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create procedure createTable(@tableName varchar(25), @columnName varchar(25), @columnType varchar(25))
as
    begin

    declare @sqlQuery as varchar(MAX)
    set @sqlQuery = 'create table ' + @tableName + '(' + @columnName + ' ' + @columnType + ' primary key)'

    print (@sqlQuery)
    exec @sqlQuery

    end
go

Above code produces below output and error:

create table proba2(ceva int primary key)
Msg 2812, Level 16, State 62, Procedure createTable, Line 9 [Batch Start Line 13]
Could not find stored procedure 'create table proba2(ceva int primary key)'.

Strangely, if I copy the first line in the output(which is the printed query itself) and execute it, it works; the table will be created. Nonetheless, the exec in the stored procedure does not. As far as I know, the exec call of the procedure should work. It should even work without specifying 'primary key' in the end of the string.

2

Replacing exec @sqlQuery with exec (@sqlQuery) must work. However, sp_executesql is recommended in your case as it has more flexibility.

Following is a typical example of sp_executesql:

Declare   @DatabaseName nvarchar(128) = 'MyDB'
        , @schema_name nvarchar(128) = 'dbo'
        , @table_name nvarchar(128) = 'MyTbl'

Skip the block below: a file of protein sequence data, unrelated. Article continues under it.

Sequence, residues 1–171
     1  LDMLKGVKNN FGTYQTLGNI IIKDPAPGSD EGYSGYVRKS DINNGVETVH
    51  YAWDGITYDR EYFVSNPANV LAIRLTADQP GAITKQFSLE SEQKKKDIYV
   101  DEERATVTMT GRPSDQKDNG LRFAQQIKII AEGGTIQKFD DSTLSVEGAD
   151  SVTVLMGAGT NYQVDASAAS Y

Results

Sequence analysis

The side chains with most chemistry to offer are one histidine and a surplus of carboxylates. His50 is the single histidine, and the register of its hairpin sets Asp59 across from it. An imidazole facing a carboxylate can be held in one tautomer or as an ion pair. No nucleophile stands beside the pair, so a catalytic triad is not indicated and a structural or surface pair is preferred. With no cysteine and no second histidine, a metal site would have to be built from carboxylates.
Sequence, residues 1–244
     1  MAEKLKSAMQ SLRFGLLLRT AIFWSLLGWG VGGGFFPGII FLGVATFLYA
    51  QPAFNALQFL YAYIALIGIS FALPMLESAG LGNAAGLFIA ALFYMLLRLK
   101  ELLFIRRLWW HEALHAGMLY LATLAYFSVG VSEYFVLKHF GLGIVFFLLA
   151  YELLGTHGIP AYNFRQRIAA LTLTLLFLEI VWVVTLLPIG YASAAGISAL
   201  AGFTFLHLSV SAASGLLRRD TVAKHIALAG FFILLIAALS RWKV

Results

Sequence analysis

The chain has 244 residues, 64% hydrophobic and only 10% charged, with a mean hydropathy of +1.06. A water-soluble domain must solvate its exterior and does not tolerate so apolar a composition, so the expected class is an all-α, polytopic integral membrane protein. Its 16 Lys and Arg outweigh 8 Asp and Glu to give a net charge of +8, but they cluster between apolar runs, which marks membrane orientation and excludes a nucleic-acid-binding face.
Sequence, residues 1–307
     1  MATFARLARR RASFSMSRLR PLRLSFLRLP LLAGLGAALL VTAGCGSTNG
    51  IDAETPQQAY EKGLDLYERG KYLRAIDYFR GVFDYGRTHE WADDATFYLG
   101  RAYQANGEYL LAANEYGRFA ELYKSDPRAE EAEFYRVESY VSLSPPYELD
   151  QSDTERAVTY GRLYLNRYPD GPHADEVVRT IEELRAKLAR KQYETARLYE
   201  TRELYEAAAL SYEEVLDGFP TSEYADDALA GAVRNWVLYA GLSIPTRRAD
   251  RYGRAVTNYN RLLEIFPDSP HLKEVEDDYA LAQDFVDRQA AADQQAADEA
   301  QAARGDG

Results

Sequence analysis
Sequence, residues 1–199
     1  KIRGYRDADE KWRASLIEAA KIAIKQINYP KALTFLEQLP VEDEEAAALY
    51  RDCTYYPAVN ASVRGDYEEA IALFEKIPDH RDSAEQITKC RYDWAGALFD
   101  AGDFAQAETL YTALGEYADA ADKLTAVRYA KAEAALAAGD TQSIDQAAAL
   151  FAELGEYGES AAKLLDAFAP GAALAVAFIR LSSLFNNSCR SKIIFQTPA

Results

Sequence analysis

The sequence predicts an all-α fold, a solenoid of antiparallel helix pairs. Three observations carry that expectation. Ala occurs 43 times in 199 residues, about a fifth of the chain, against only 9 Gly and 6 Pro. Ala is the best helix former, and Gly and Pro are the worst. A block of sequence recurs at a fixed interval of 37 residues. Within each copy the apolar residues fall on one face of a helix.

, @column_name nvarchar(128) = 'MyTblColumn'
        , @ReadColumnInfo nvarchar(max)
        , @datatypename varchar(128);

select @ReadColumnInfo = 'Use ' + QUOTENAME(@DatabaseName) + '; ';
set @ReadColumnInfo =  @ReadColumnInfo + '
SELECT @datatype = TYPE_NAME(c.user_type_id)
FROM sys.objects AS o   
JOIN sys.columns AS c  ON o.object_id = c.object_id  
WHERE o.name = @TblName and o.schema_id = SCHEMA_ID (@scmName) and c.name = @columnName';


exec sp_executesql 
          @ReadColumnInfo -- Statement
        , N'@TblName varchar(128), @columnName varchar(128), @scmName varchar(128), @datatype varchar(128) OUTPUT' --- Params within Statement
        , @TblName = @table_name, @columnName = @column_name, @scmName = @schema_name, @datatype = @datatypename OUTPUT;  --- Param Values within Statement 
select @datatypename;
  • Thank you very much! This solved my problem. Thank you for the extra example, also. – M.Ionut Nov 3 '20 at 8:48
  • 1
    Regardin sp_executeql, I am aware of its benefits. In one of my PDF files from school I saw something like " If parameters also have to be used for columns or table names, this only works with EXEC". In my given example this is not the case, but in my whole project it is. I wanted to keep it consistent. This is why I didn't use sp_executesql, though I am aware of its advantages that I've seen mentioned in the same PDF, such as: - sometimes much faster than EXEC - prevents SQL injection - better choice if using dynamic SQL regularly, because the query plan / execution plan can be reused – M.Ionut Nov 3 '20 at 8:57
  • @M.Ionut, Good you catch that without being mentioned in my answer :-) – Shekar Kola Nov 3 '20 at 9:32
  • thank you again, kind sir! – M.Ionut Nov 3 '20 at 12:26

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